Two thirds of Londoners who had cardiac arrest last year were given CPR by a member of the public, it was revealed.
Londoners have administered crucial heart resuscitation on nearly 2,500 people in the capital in the last year, an audit by London Ambulance Service (LAS) revealed.
The highest rate of CPR by members of the public was recorded in Redbridge, east London at 81 per cent.
There were only 80 cases where a shock from a difibrillator was used by the public, but it saved the lives of 40 people, five times the normal rate of survival.
Despite traffic, paramedics typically reach patients within seven minutes and London has one of the best survival rates in the world.
But the LAS praised Londoners who have helped to keep patients alive before the ambulance arrives.
Chances of surviving a cardiac arrest, when the heart stops, drop ten per cent by the minute.
LAS Medical director Dr Fenella Wrigley said: “Londoners are doing a fantastic job providing initial care for cardiac arrest patients.
“When someone’s heart stops, members of the public can really make a difference before an ambulance arrives.
“The chances of survival drop by about ten per cent with every minute that passes so it is important to start chest compressions straight away and use a defibrillator where one is available.”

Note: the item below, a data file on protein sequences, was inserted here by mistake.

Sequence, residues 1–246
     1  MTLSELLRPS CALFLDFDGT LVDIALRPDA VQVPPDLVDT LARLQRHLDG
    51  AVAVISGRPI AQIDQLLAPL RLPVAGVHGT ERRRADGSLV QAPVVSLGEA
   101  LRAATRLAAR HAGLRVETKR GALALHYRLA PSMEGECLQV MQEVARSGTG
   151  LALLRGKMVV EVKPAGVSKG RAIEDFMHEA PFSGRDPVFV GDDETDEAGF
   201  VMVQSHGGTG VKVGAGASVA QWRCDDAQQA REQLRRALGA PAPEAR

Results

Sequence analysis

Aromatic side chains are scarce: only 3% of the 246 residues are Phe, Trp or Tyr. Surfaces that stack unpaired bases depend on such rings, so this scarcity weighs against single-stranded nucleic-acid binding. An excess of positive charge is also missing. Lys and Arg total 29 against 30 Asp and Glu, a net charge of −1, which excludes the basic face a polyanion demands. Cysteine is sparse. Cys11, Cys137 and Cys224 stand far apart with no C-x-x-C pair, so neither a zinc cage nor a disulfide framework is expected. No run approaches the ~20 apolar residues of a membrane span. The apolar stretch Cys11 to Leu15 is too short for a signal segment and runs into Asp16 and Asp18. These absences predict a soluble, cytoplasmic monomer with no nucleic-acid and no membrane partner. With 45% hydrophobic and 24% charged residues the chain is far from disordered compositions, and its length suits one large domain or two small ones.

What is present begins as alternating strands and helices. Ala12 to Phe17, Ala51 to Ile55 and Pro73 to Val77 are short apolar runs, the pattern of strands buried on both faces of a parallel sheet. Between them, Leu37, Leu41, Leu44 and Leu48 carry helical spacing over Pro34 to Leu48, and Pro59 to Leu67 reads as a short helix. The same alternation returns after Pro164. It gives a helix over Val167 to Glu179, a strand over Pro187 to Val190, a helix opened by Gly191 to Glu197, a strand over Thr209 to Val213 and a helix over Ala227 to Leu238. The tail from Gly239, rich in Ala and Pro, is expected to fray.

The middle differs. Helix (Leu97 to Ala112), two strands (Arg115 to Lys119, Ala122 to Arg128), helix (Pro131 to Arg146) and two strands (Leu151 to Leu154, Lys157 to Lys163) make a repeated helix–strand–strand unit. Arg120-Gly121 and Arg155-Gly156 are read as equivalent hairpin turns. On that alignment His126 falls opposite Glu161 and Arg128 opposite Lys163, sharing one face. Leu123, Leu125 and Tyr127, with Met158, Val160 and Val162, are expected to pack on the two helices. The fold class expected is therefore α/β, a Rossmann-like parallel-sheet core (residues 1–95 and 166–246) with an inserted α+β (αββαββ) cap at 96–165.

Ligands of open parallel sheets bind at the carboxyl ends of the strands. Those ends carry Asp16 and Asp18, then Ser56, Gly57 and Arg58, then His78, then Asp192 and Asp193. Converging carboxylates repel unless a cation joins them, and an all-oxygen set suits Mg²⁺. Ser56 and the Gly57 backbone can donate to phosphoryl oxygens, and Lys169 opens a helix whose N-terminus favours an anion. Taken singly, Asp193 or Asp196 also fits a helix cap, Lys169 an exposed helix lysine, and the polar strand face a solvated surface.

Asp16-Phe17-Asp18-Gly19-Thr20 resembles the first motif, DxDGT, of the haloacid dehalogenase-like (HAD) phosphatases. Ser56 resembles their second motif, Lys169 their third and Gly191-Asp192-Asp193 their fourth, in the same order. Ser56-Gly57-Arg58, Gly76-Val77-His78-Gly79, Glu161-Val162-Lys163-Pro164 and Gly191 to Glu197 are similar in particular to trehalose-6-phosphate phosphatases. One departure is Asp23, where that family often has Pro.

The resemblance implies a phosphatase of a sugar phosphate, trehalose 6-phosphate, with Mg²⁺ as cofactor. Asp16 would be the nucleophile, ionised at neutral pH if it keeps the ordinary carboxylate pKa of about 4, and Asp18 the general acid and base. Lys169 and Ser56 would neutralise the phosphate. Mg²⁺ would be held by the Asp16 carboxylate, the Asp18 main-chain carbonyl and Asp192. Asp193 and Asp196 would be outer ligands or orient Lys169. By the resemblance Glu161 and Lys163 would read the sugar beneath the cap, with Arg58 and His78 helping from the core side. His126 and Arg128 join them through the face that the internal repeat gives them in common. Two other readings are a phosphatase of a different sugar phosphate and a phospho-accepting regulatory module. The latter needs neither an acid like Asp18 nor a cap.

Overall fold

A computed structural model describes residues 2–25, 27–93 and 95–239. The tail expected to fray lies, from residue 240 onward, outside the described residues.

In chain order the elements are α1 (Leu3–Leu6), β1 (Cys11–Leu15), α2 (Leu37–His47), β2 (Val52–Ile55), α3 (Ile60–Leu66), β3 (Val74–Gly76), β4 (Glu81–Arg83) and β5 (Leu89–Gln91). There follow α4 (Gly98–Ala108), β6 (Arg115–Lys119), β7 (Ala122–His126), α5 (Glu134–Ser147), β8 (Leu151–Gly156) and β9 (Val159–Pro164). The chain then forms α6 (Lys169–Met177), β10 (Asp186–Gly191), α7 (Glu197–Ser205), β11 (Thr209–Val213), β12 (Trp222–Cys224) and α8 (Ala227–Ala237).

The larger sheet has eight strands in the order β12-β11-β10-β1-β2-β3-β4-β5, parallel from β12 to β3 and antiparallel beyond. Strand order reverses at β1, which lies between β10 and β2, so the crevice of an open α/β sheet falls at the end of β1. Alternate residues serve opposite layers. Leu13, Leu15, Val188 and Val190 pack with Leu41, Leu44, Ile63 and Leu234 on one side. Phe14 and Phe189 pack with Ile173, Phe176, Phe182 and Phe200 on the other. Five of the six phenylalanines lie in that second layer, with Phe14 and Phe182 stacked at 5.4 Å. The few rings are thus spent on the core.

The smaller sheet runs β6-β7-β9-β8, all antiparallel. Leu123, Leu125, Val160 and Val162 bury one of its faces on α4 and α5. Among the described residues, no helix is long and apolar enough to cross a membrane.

Arrest occur when the heart stops and early intervention gives victims the best chance of survival.
Chest compressions help to keep blood pumping to the brain, while an early shock from a defibrillator will restore normal heart rhythm.
LAS has increased the number of public access defibrillators to nearly 5,000 which are now available in train stations, gyms, parks and shops.
But according to the service’s cardiac arrest annual report, there were little more than 100 cases when a member of public used the device.
Shocks were given to almost 80 patients and half of those survived five times more than might have survived otherwise.
Dr Wrigley added: “These defibrillators are designed to be easy to use.
“You don’t need medical training but learning how to use one in advance will give you more confidence to respond quickly and it could make a difference to so many lives.
“We would urge everyone to learn basic life support which is a life-saving skill and if you see someone who needs you, stop and help.
“Ringing 999 will get early help on the way to the patient and the ambulance service can advise if there is a public access defibrillator nearby.”
The report looked at the 12 months to March and found men were more likely to have a cardiac arrest.
Almost 65 per cent of their patients were male, with an average age of 62 years while those remaining were women, with an average age of 68 years.
The average age of patients was lowest in Tower Hamlets at 58 years and highest in the boroughs of Redbridge, Bexley in south east London and Richmond, west London – at 71 years.
Cardiac arrest patients in central London had the best outcome – with more than 18 per cent surviving.
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